Home for the Holidays is a special series featuring our favorite food and home experts and their diverse homes—and holidays—from around the world. From Los Angeles to Mumbai and Hong Kong, we get a peek at how each family approaches the most special of seasons—in a way that’s uniquely theirs.
The holidays permit Food52 Resident—and conjurer of community favorites like this recipe for an instant dan dan noodle mix and this one for the flakiest pastry—Mandy Lee, to make one important concession at home: she allows help. While cooking for Mandy is a fiercely guarded solitary sport, bringing the holidays to her home lets her drop her guard. “I don't even mind delegating or outsourcing some of the process—although my husband might disagree.”
Some of this letting-go might be a result of her having very few expectations of the holiday season—a fallout of never having been in one country or culture long enough. Mandy describes herself as “Taiwan-born, Vancouver-raised, and slow-aged in New York” and has written unapologetically about the travails of moving around the world as an accompanying spouse. And then, there’s her own upbringing. “I come from a very non-festive family culture—my family is relentlessly talented in curbing holiday enthusiasm,” she says. (This was over email, but I’m imagining a straight face.)
So, each year since they left New York, Mandy and her husband have chosen to celebrate the season by traveling abroad—London, Rome, Vienna—picking spots best for "observing the holiday as non-observers.” The last two years put paid to those travel plans, thanks to the pandemic. “Being stuck in Hong Kong over Christmas, we were forced to transition from being observers to participants. Because if you want Christmas in Hong Kong, you kind of have to bring it yourself,” she says.
Mandy’s apartment in Hong Kong, in which they’ve lived (with their two Rottweiler-mixes—the pups behind her blog lady and pups) since 2016, sits in a residential neighborhood nestled in the heart of the island, and is designed to be a breath of fresh air amid the hustle of the city. “The aesthetic of my apartment is very much inspired by Tara Mangini and Percy Bright from Jersey Ice Cream Co. I was going through a very distressing period of my life at the time, and I would imagine myself in their spaces, and it would feel like a stream of cold milk tempering down a cauldron of black coffee,” she explains.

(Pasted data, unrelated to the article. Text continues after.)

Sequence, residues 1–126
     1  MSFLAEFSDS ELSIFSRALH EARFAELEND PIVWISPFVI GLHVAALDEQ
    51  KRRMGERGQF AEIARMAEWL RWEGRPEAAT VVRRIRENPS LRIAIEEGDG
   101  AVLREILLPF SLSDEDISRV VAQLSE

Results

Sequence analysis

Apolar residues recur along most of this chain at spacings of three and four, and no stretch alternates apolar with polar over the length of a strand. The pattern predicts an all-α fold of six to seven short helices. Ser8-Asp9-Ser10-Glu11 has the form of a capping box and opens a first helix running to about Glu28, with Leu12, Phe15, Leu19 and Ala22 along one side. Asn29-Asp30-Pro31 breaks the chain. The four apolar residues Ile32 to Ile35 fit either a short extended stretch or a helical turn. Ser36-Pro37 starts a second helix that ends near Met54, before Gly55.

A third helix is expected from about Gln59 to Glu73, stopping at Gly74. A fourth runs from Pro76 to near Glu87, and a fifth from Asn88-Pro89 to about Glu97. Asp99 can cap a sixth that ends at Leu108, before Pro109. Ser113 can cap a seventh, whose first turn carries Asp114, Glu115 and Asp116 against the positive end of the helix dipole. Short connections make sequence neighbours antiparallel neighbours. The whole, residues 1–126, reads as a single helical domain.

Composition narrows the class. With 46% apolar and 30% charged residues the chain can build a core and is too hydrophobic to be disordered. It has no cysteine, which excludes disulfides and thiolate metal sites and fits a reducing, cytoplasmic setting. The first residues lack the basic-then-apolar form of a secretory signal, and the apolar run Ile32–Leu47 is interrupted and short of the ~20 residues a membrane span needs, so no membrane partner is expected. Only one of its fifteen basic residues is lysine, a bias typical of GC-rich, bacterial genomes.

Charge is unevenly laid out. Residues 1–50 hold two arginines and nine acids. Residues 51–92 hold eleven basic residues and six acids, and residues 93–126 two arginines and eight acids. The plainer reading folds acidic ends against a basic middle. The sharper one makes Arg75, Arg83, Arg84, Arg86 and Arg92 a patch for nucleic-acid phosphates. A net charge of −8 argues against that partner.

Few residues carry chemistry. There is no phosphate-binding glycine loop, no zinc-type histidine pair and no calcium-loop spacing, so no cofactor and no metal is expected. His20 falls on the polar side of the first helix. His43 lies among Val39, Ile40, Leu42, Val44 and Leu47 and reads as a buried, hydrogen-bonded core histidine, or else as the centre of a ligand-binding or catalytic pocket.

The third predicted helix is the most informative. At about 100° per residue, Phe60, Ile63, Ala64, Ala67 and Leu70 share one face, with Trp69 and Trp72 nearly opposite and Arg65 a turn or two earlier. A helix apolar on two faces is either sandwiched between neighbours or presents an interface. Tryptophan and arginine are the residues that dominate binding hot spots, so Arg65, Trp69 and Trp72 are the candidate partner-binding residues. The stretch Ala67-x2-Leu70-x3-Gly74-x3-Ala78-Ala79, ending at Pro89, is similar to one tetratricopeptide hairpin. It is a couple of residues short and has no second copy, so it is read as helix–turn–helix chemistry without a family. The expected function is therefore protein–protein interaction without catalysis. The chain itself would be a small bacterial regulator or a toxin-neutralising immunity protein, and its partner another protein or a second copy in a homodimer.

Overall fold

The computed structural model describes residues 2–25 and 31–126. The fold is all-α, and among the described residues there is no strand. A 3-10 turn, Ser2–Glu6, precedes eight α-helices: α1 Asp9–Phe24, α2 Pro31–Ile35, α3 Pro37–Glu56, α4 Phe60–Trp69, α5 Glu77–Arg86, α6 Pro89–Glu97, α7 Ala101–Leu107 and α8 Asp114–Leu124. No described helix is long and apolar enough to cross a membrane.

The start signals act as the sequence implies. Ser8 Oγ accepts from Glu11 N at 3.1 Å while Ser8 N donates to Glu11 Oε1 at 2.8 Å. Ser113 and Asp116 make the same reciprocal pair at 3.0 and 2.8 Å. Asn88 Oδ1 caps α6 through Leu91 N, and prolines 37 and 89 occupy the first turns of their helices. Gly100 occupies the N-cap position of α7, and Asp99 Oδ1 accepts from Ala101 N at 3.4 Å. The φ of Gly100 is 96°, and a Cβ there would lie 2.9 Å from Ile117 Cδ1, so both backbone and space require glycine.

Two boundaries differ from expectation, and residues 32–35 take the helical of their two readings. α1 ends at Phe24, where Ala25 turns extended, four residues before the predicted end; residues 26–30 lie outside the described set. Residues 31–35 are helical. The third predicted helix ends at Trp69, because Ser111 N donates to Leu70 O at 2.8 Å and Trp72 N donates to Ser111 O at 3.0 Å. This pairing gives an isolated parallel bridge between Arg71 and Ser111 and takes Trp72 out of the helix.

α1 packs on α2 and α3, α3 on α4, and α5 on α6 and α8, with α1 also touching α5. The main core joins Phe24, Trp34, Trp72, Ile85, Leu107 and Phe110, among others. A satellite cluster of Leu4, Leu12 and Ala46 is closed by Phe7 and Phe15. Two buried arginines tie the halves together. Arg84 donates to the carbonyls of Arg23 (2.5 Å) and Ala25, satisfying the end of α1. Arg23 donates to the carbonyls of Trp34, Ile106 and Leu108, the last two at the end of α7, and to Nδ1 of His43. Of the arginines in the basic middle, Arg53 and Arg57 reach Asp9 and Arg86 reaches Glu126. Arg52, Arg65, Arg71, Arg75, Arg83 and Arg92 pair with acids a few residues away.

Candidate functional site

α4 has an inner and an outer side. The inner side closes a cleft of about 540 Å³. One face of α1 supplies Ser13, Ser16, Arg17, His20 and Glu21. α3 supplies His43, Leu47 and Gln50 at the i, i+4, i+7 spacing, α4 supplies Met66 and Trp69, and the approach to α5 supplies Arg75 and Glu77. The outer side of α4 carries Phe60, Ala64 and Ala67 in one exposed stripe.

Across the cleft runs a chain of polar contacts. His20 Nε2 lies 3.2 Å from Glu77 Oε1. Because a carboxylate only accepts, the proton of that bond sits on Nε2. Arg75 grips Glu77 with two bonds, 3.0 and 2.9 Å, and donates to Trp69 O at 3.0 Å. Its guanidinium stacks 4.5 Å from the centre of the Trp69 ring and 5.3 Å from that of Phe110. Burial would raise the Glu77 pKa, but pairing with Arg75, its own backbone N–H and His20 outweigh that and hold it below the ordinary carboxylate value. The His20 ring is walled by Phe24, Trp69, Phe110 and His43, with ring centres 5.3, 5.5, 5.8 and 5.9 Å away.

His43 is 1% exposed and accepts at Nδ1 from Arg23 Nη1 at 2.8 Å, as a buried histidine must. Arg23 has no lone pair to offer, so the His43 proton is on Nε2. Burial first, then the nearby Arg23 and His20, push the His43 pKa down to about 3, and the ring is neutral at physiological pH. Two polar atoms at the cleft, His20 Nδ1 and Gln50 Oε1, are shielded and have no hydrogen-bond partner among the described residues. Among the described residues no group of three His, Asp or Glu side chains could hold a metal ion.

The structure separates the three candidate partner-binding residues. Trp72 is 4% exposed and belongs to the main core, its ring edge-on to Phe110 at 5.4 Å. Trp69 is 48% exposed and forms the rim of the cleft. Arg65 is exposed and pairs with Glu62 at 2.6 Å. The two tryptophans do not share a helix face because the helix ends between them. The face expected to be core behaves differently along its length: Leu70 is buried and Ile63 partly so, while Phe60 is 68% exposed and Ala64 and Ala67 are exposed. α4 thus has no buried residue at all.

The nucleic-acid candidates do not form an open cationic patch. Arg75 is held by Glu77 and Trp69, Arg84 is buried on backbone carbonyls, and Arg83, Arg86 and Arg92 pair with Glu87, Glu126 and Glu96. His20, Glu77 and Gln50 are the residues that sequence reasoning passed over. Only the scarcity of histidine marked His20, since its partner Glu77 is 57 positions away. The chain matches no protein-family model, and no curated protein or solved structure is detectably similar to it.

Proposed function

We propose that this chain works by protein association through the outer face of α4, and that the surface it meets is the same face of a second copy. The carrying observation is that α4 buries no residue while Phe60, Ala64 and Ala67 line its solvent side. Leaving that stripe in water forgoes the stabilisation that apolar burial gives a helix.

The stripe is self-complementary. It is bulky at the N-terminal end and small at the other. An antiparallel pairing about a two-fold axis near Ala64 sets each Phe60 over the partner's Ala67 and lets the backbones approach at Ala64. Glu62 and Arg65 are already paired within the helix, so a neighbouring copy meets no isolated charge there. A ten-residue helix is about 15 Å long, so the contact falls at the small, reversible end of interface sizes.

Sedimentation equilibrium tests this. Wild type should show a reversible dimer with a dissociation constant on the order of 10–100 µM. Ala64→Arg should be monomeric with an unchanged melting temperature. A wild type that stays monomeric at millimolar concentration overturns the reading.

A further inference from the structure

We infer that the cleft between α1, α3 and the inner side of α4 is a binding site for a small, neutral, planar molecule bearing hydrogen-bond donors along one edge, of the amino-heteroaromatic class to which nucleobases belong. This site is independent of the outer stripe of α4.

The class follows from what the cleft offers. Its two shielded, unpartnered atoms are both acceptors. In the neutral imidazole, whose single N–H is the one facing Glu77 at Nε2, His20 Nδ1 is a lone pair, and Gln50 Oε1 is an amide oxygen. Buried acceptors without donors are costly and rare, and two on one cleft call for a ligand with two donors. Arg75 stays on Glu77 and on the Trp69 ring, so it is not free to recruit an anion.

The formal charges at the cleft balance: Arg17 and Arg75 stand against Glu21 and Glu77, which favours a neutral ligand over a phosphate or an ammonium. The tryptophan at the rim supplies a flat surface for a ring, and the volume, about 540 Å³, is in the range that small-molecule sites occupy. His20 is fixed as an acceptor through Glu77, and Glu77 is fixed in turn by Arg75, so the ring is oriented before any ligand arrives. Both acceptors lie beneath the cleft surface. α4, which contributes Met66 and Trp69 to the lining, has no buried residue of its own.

The result? A palette of grays, creams, and tans; linen drapes; aged wood paneling; and a moody, uncommon-green kitchen flecked with aged wood, copper, and brass. The apartment is also filled with vintage objects: “What draws me to them is the gathering and processing of lost, unclaimed memories. My home is an orphanage for memories,” she says.
So how does she go about layering on the holidays in her home? In a distinctly Mandy Lee way, of course—warm and uncluttered in aesthetic, and mindful of waste. What does that look like? Let’s find out.
On holiday decorations:
I try to use organic materials for decor, such as branches, dry flowers and leaves, instead of plastics. I'm pretty against acquiring an ungodly amount of decor, only to be thrown out after the holiday is over—I like my ornaments to be minimal. Unfortunately, getting a real Christmas tree in Hong Kong in both expensive and wasteful (flown in from far-flung places), so I have a reusable fake tree.
I'm also very drawn to the idea of what I call "holiday larder", recalling the memories of Christmas markets in Vienna. I think hanging cured meats and cheeses with a little dash of Christmassy bouquet garni can not only be beautiful, it also invokes a feeling of abundance, warmth, and security—all the good words that we associate with the holiday season. Even better? You get to eat your decor, meaning there's minimal waste.
On the table setting:
Three words: simple, warm, and communal. I like to dress up a couple of essential oil-burners with some evergreen branches, and place them on the main or side table, so the pine-scented oil fills the room. I add on dim lights, lots of candles, etched glasses for flickering reflections, and stacked plates to invite the sharing of tasks. Dinner gatherings in Asia are always more communal—dishes are made to be shared, often presented in enormous vessels, almost like a centerpiece. I feel like it heightens the festivity and sense of gathering.
On merging Chinese and American holiday traditions:
I do this mainly through the selection of my holiday larder. During the winter time is also when a lot of Chinese cured meats are hung dry, so I mix and match them with European varieties to create a hybrid atmosphere. I also once stuffed Chinese sausage sticky rice into a goose, but I'm still debating if that was necessary.
The one holiday tradition she’d love to add to the mix:
Mulled wine. If only I drank wine.
Three tips for throwing a wonderful holiday celebration:
Golden retriever. Golden retrievers. Golden retriever puppies.
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